En route from Biarritz to the Carpathians via the Borgo Pass Imre Polvi (Víctor Barrera, as Vic Winner) and his four comely lady friends Senta (Rosanna Yanni, as Rossana Yanny), Karen (Haydée Politoff), Elke (Mirta Miller), and Marlene (Ingrid Garbo) discuss the significance of the Carpathians, its relation to the Dracula legend, and its roots in the historical accounts of Vlad Tepes, the warlord of Wallachia. Accounts that they, for all intents and purposes, couldn’t possibly be aware of considering it is only 1870. When their carriage loses a wheel, and their coachman is critically injured in the process, they are forced to seek refuge in the isolated residence of Dr. Wendell Marlowe (Jacinto Molina Álvarez, as Paul Naschy), who lives in a opulent castle, a renovated sanitarium of one Dr. Kargos, a portmanteau of famous Dracula actors Boris Karloff and Béla Lugosi. Their gracious host is delighted by the company of the delectable aristocrat ladies and welcomes them into his abode. From there on out the ladies and their chaperon soon discover that Marlowe is not quite who he pretends to be.

Upon settling in their rooms for the night the five travellers are soon witness to the strange going-ons in and around the castle. Shadowy figures stalk the darkened hallways, and Dr. Marlowe’s nocturnal behavior soon reveals that he is actually the Prince of Darkness himself, the fabled Count Dracula. In quick succession the bra-busting Senta, Elke (who everybody calls “elle-key”), and Marlene fall victim to the Count’s diabolical charms and are turned into his Brides. To the virginal Karen, with whom Dracula is smitten from the moment she sets foot in his castle, he entrusts that he seeks a woman of pure blood that loves him, as a means to resurrect his daughter Rahdna. "The Prince of Darkness will not acquire the true potential of his bewitching power until he encounters a true virgin that will fall in love with the vampire in a natural way... giving herself to him without the need of his diabolical powers", as he puts it himself. Alternately, Dracula sees Karen as his true love, and as the ideal sacrifice to facilitate the resurrection of his long-dormant daughter. The plotpoint is quickly discarded in favor of a tragically romantic subplot as Count Dracula wants to spent eternity with Karen, an idea she isn’t very comfortable with. It is then that the dejected Dracula commits suicide by pushing a stake through his own heart.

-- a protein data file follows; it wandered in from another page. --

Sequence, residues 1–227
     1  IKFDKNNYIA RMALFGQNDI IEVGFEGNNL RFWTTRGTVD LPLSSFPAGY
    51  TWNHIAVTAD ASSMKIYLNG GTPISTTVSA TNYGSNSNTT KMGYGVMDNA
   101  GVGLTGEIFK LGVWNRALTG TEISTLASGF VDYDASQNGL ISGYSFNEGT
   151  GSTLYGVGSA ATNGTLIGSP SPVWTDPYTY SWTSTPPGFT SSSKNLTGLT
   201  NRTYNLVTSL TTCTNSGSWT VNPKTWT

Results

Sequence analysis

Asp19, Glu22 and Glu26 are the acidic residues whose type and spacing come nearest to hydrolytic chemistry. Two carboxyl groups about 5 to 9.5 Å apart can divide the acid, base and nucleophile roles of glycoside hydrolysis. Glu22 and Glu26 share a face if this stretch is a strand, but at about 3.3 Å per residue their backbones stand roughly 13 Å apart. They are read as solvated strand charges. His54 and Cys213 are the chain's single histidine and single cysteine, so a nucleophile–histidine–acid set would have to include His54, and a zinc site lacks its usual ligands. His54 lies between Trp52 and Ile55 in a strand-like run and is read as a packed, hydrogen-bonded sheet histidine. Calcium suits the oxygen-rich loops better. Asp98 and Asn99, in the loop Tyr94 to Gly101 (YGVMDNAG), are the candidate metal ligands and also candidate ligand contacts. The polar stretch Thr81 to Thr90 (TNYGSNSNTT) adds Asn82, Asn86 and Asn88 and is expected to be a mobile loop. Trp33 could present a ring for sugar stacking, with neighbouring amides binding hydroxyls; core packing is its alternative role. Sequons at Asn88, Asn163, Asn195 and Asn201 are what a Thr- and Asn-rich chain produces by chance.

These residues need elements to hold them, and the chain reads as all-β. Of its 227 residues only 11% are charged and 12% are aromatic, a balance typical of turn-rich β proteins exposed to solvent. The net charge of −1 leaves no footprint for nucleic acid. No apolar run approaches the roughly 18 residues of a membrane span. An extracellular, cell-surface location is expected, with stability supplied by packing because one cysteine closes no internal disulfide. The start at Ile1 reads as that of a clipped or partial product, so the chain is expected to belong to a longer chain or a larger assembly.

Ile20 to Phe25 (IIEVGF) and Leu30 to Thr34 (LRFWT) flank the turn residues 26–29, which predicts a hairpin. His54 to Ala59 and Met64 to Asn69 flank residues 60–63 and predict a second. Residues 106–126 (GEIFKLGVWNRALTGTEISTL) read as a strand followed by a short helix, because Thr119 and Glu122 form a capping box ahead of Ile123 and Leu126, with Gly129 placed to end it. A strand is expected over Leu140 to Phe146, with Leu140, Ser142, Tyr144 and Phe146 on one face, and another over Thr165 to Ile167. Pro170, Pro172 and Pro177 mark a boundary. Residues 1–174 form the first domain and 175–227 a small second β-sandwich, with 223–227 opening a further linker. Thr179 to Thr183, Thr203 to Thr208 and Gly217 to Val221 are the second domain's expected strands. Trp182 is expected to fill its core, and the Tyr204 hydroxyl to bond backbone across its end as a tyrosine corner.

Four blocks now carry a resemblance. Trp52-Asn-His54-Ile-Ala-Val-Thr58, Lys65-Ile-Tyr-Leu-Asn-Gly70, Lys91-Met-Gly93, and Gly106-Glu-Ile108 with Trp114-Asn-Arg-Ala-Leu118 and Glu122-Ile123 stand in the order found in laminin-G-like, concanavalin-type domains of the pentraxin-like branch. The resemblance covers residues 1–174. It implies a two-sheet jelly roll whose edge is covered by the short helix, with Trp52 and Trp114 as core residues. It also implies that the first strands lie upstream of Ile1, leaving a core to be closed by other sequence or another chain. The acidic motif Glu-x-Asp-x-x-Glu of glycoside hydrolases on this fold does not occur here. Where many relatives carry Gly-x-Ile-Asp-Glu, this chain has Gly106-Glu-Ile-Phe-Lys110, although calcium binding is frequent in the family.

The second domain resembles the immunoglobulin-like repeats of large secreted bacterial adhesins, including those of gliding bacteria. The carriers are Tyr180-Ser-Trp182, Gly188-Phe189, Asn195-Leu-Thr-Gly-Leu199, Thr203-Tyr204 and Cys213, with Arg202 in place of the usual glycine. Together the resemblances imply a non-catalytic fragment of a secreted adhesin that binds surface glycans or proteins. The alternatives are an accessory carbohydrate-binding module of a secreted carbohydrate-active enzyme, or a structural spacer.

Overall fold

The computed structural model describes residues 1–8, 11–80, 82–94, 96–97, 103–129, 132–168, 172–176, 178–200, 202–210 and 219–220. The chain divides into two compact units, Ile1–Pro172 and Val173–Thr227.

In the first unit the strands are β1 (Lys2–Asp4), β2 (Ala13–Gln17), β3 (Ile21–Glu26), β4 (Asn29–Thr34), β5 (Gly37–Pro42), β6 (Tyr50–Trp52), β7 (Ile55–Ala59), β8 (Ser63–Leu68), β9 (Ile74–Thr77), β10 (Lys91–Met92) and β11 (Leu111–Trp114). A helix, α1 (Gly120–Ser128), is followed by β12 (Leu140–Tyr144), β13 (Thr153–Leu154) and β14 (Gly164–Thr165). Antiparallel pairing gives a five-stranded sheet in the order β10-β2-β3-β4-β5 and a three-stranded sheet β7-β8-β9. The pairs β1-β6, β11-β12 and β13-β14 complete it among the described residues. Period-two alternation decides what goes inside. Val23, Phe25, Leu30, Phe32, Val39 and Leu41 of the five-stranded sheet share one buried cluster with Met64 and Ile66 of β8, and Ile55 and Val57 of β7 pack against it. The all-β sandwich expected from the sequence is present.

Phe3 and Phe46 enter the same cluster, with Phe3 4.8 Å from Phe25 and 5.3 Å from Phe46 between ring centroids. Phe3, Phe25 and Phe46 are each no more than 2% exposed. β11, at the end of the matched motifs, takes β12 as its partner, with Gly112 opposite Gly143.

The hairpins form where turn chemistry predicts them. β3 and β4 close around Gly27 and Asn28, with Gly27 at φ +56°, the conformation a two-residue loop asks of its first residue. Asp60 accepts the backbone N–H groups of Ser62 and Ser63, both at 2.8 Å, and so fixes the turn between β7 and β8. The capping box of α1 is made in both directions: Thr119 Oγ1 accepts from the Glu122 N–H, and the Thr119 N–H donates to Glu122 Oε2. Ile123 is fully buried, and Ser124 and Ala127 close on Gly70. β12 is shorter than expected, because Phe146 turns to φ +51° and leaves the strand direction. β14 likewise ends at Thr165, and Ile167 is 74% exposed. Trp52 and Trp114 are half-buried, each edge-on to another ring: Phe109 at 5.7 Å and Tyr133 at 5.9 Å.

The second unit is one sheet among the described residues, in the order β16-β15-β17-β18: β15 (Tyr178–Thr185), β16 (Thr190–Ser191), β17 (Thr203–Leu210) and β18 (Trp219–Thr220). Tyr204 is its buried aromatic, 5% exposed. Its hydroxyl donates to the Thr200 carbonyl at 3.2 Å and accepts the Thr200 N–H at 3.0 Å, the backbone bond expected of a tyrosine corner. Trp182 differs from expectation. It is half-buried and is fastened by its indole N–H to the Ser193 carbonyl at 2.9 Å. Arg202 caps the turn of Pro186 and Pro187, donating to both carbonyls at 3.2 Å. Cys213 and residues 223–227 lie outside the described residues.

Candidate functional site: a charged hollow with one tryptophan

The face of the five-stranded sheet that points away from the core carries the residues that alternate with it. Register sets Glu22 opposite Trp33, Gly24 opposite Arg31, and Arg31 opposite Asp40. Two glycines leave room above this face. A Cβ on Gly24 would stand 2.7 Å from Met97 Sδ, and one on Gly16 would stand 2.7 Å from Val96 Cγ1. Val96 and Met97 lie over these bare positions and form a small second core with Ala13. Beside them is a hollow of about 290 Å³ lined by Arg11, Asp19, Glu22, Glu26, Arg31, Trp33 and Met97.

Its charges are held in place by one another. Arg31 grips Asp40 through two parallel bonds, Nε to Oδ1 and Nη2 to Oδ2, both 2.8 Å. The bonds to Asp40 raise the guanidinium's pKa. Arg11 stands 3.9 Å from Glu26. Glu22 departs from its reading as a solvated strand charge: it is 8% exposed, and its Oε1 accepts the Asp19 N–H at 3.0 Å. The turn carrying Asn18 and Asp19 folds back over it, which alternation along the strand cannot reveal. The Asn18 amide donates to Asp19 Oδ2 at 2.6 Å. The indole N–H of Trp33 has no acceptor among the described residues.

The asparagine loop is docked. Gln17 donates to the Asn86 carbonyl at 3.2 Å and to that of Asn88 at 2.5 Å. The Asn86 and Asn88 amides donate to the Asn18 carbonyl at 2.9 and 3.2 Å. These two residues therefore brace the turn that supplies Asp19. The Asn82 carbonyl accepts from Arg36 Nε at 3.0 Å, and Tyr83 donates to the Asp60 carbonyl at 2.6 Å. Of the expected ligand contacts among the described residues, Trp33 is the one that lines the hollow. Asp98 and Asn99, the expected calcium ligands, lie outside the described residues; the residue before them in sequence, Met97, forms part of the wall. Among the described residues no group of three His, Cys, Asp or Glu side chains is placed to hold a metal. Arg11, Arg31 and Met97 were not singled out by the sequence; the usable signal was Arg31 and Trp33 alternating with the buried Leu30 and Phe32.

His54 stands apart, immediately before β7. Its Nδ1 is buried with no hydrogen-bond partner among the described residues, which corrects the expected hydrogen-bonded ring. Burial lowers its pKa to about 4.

What little there is of actual plot and character development is compensated by the ladies’ lovely costumes. The second act is awash with several scenes of blood drinking, whipping, torture, and lesbian groping. To their credit Yanni, Miller and Garbo (in one of her last roles) all have extended nude scenes in the international market versions. In an interesting twist of convention Imre Polvi, the chaperon to the four aristocratic ladies, is victimised by one of the castle-dwelling grave diggers from the prolog that were turned by Dracula. Imre in turn vampirizes half of the ladies before Dracula sinks his teeth into the remaining few. Senta, Elke, and Marlene become the Brides of Dracula, while the virginal Karen wards off her exanimate companions. In an unexpected twist of chivalry, an undead Imre defends Karen from the clutches of Dracula in the second act. The tragic love story would make a return in Francis Ford Coppola’s big-budget retelling of Bram Stoker’s Dracula (1992) with Gary Oldman, Keanu Reeves, and Winona Ryder.

Director Javier Aguirre had just directed The Hunchback of the Rue Morgue, another classic movie monster project by the prolific Paul Naschy with Rosanna Yanni and Víctor Barrera in the principal cast. French actress Haydée Politoff debuted in the Éric Rohmer film La Collectionneuse (1967) but from 1970 became an erotic exploitation - and horror cinema regular. She retired from acting after her last film in 1981. Rosanna Yanni had worked earlier with Paul Naschy in The Mark of the Wolfman (1968), and played one the barmaids in Amando de Ossorio’s Fangs Of the Living Dead (1969), for which she also acted as producer. Next to playing in Count Dracula’s Great Love in 1973 Yanni also appeared in The Amazons by former Bond director Terence Young. Naschy before, and after, would return to his lycanthrope nobleman Waldemar Daninsky in the years after. Interestingly, Count Dracula’s Great Love was the only time that Paul Naschy would portray the immortally condemned Count Dracula.

Even for 1970 standards Count Dracula’s Great Love is charmingly stuffy. The lush costumes, the interiors full of shadowy corridors, and torchlit mausoleums, and fog-filled exteriors are all the work of production designer José Luis Galicia. The rustic cinematography by Raúl Pérez Cubero and majestic score by Carmelo A. Bernaola greatly add to the atmosphere of a land frozen in time. All are testament to the fact that Count Dracula’s Great Love has it roots in Dracula adaptations of the 1950/60s. Naschy’s Dracula isn’t a hulking mortal threat that wields inconceivable power and commands arcane forces far beyond the ken of man. In Count Dracula’s Great Love the Count rather is a mousy character not that different from his mortal house guests, consumed by the very same frailties and weaknesses. It is this what makes Count Dracula’s Great Love interesting beyond the appeal of its more obvious exploitation elements such as rampant nudity and bloodletting.